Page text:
Whole Life Unschooling: It’s For More Than Just Kids

Always Running Ahead
Zeb: always running ahead for what he loves.

Always Talking to Giraffes
Justin: We watched him watch this giraffe for a full 20 minutes.

Always Reading The Signs
Me: They waited for me while I read every sign in the place.

There are so many definitions to unschooling. You can find them everywhere and they all do a perfectly fine job of explaining unschooling.

And yet, knowing full well how to define unschooling, I’m still not happy explaining it.


Because most definitions describe unschooling as a movement, a form of education or a belief on how we raise children. Our short answer usually sounds a bit like this:

Unschooling is hands-on, experience-based and interest-led learning. The world is our classroom and everything in it our curricula.

Oh, but it’s so much more than that!

That answer really only describes how our child learns. It doesn’t describe how we live, how we view the world around us, how we strive to treat one another or parent organically or what any of this looks like.

Unschooling As A Life Philosophy

We believe in unschooling as a whole life philosophy, not only a method of parenting or a view of the natural learning process.

It’s a method of living; how we view and approach life. We unschool ourselves, our relationships, our jobs…recently I’ve even begun unschooling my body. And it’s radically changed (and still changing) our lives.

To us unschooling is not only about our children, it’s about all of us. It’s about our life.

Unschooling your whole life means…

  • Seeing no division between child and adult, regardless of ability or experience. All should be treated with the same equal respect and consideration.
  • Trusting all people of all ages are natural learners, born with an innate curiosity and an earnest desire to learn, even if it requires a bit of excavating for some of us to rediscover.
  • Knowing that all people are inherently good. A learning curve on societal rules or boundaries, or a personal struggle due to past history does not make them “bad”. We all do the best we can with the tools we have.
  • Thinking all people, regardless of age, have a purpose and that that purpose may seldom, or often, or never, change. And the best determiner of that purpose is the person in question.
  • Believing in the wildly passionate pursuit of interests, supporting those interests wholeheartedly, and trusting when an interest fades.
  • Disbelieving that interests are only valid if they come with monetary or status gain. We do things for the love of what we do and trust how our needs are always met.
  • Not condoning the subjugation, squashing or criticism of individuality or diversity. We allow for difference of opinion, we see the underlying needs of others and we validate their particular experience.
  • Not creating division between various subjects or activities. All of life flows in and out of all of life. The subject of “math” doesn’t exist but we find numbers and patterns in everything.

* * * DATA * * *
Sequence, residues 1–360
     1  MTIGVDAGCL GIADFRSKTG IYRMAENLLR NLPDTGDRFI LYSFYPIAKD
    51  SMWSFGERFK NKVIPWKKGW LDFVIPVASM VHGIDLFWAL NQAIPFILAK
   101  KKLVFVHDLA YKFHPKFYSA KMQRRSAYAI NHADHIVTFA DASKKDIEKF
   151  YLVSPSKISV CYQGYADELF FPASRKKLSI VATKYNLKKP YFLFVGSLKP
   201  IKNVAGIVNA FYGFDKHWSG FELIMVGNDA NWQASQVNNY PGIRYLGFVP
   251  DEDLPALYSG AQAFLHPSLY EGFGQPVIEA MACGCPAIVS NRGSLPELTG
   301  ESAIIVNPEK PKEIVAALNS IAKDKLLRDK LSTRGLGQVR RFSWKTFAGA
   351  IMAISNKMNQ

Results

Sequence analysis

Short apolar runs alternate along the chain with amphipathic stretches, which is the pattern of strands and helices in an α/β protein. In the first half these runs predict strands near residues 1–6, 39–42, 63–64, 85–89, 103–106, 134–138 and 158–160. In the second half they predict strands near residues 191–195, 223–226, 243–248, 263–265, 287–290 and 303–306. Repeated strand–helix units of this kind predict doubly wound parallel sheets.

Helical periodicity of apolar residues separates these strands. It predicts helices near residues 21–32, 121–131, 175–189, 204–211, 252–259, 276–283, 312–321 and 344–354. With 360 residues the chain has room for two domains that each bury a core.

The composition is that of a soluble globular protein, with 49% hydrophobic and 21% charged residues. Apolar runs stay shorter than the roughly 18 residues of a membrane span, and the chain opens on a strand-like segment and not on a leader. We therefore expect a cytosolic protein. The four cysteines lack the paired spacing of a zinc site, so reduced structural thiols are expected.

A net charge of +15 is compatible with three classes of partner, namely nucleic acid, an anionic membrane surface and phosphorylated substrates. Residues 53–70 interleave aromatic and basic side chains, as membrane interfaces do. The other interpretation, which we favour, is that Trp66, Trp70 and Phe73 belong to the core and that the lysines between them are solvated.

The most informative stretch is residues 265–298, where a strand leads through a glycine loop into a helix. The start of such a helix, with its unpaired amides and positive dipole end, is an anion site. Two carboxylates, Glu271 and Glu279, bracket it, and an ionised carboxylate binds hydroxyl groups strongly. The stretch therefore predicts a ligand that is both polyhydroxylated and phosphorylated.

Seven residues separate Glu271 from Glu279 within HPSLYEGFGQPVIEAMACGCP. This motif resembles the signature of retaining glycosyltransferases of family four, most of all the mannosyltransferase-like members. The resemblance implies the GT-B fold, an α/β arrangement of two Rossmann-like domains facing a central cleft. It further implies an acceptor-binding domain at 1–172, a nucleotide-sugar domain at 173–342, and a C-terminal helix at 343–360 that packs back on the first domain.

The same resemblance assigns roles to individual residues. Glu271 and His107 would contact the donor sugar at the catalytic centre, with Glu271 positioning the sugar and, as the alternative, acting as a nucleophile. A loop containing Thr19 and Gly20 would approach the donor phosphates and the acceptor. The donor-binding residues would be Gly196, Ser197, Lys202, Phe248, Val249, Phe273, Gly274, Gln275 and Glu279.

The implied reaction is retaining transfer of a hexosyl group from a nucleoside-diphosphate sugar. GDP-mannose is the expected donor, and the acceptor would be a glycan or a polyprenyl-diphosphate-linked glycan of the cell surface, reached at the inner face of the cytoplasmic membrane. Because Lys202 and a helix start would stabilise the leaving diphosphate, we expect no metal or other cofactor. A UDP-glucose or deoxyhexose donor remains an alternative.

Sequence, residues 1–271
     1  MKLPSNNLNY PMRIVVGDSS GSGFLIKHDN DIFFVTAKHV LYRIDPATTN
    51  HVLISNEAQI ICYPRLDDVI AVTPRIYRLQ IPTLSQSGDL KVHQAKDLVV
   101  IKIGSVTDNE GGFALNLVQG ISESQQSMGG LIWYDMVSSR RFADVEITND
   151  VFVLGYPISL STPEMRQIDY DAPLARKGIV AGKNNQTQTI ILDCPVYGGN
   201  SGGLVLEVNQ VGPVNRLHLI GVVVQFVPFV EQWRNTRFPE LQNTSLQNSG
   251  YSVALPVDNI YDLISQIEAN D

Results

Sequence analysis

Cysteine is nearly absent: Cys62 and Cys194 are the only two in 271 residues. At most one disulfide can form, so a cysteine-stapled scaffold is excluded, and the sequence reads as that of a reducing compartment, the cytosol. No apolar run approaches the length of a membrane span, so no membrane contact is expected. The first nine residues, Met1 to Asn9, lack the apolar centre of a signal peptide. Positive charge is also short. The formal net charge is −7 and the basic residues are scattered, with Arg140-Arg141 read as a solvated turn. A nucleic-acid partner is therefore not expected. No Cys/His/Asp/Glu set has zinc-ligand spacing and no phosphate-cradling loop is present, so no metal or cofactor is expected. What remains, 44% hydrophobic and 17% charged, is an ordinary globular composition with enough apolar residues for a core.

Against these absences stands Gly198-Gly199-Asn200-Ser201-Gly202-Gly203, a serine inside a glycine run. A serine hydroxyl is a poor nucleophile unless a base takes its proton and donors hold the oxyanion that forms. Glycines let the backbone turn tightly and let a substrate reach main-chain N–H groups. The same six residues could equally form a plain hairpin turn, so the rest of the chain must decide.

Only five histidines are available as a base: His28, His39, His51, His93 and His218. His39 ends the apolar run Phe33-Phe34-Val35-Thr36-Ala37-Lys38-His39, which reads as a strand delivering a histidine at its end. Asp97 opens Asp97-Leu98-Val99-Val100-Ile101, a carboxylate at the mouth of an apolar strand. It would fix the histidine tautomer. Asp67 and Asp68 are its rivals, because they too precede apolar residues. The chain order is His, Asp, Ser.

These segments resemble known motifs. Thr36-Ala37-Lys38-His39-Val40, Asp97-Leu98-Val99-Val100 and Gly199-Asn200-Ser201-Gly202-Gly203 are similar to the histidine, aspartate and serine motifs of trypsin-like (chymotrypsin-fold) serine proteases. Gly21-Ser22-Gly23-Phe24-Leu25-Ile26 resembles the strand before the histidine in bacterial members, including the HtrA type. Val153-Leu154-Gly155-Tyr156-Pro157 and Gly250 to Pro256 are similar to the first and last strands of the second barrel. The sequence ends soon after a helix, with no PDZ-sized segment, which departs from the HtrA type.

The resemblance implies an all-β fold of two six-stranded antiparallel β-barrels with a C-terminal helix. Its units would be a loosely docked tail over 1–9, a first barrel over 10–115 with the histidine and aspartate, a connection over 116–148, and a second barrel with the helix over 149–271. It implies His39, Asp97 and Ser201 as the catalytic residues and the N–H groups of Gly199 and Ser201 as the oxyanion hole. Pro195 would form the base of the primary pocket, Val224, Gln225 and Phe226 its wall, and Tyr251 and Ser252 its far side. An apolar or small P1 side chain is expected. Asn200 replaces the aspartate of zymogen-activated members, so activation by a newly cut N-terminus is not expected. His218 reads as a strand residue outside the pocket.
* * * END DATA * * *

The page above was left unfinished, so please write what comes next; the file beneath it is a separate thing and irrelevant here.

• Adamantly disagreeing that life should consist of unenjoyable work, that we should always follow all the rules or do things the same way everyone else does them. Feverishly questioning anything that tells us otherwise.
  • Trusting in ourselves first, each other next and all others last.
  • Respecting the boundaries of others and ourselves.
  • Taking responsibility for our choices and our life. It’s all about authenticity and empowerment.
  • Seeking our own life and not settling for someone else’s. Supporting others who do the same.
  • Building off our individual interests, creating a rich, diverse and engaging environment in which we can all thrive equally.
  • Respecting one another’s personal Truths or choices. But drawing definitive lines where the boundaries of another are being crossed.
  • Standing up for the little guy, especially the one without their own voice.
  • Knowing that life is good. Messy. Imperfect. Wonderful. Sometimes heart-wrenching. And loving it anyway.

How can you possibly explain all that in one short answer? It’s impossible to describe what this looks like when someone asks. Because unschooling is just life and although you can define life and you can explain it, it’s still something that must be seen and experienced to fully understand.

45 Replies to “Whole Life Unschooling: It’s For More Than Just Kids”

  1. We are currently a split family due to some medical issues with my family in CO where I am with the kids (boys 8 and 10) and working. My wife is MN trying to take of getting our stuff ready to move. We will be apart for about 1-2 months with her coming out 1-2 times to visit and school in CO starts in mid August, so I am trying to decide if I should try and home/unschool them in conjunction with working or out them in a public school. My job can be very demanding with lots of hours and unexpected calls (IT sucks by the way). Any advice would be greatly appreciated.
    In Frith,

    1. @Devin, I sent you an email but I thought I had better post here too, in case anyone else is reading.

      I can tell you what we would do: ask your kids! Find a solution that works for everyone and if it turns out not to work, you can always try something else. πŸ™‚ Good luck through this transition! I’m sure it’s tough on all of you.

    2. Devin, I’m not sure if you have any interest in the Sudbury model, but if so, and if you are at all in the Denver area, I’d be happy to talk with you more about Alpine Valley School…
      buffygarber at gmail dot com

  2. I don’t have any short answer. I don’t have many long answers in life. I’m definitely unschooling every area of my life, I just didn’t know it until I read this.



  3. YES! YES! YES!

    Thank you so much for writing this post! We came to unschooling our children before even having children because this was how we viewed life for ourselves! Then it seemed like an amazing, empowering gift to give our children when we started our family. Except at that point we had no label or movement to define it by and in many ways we like to keep it that way.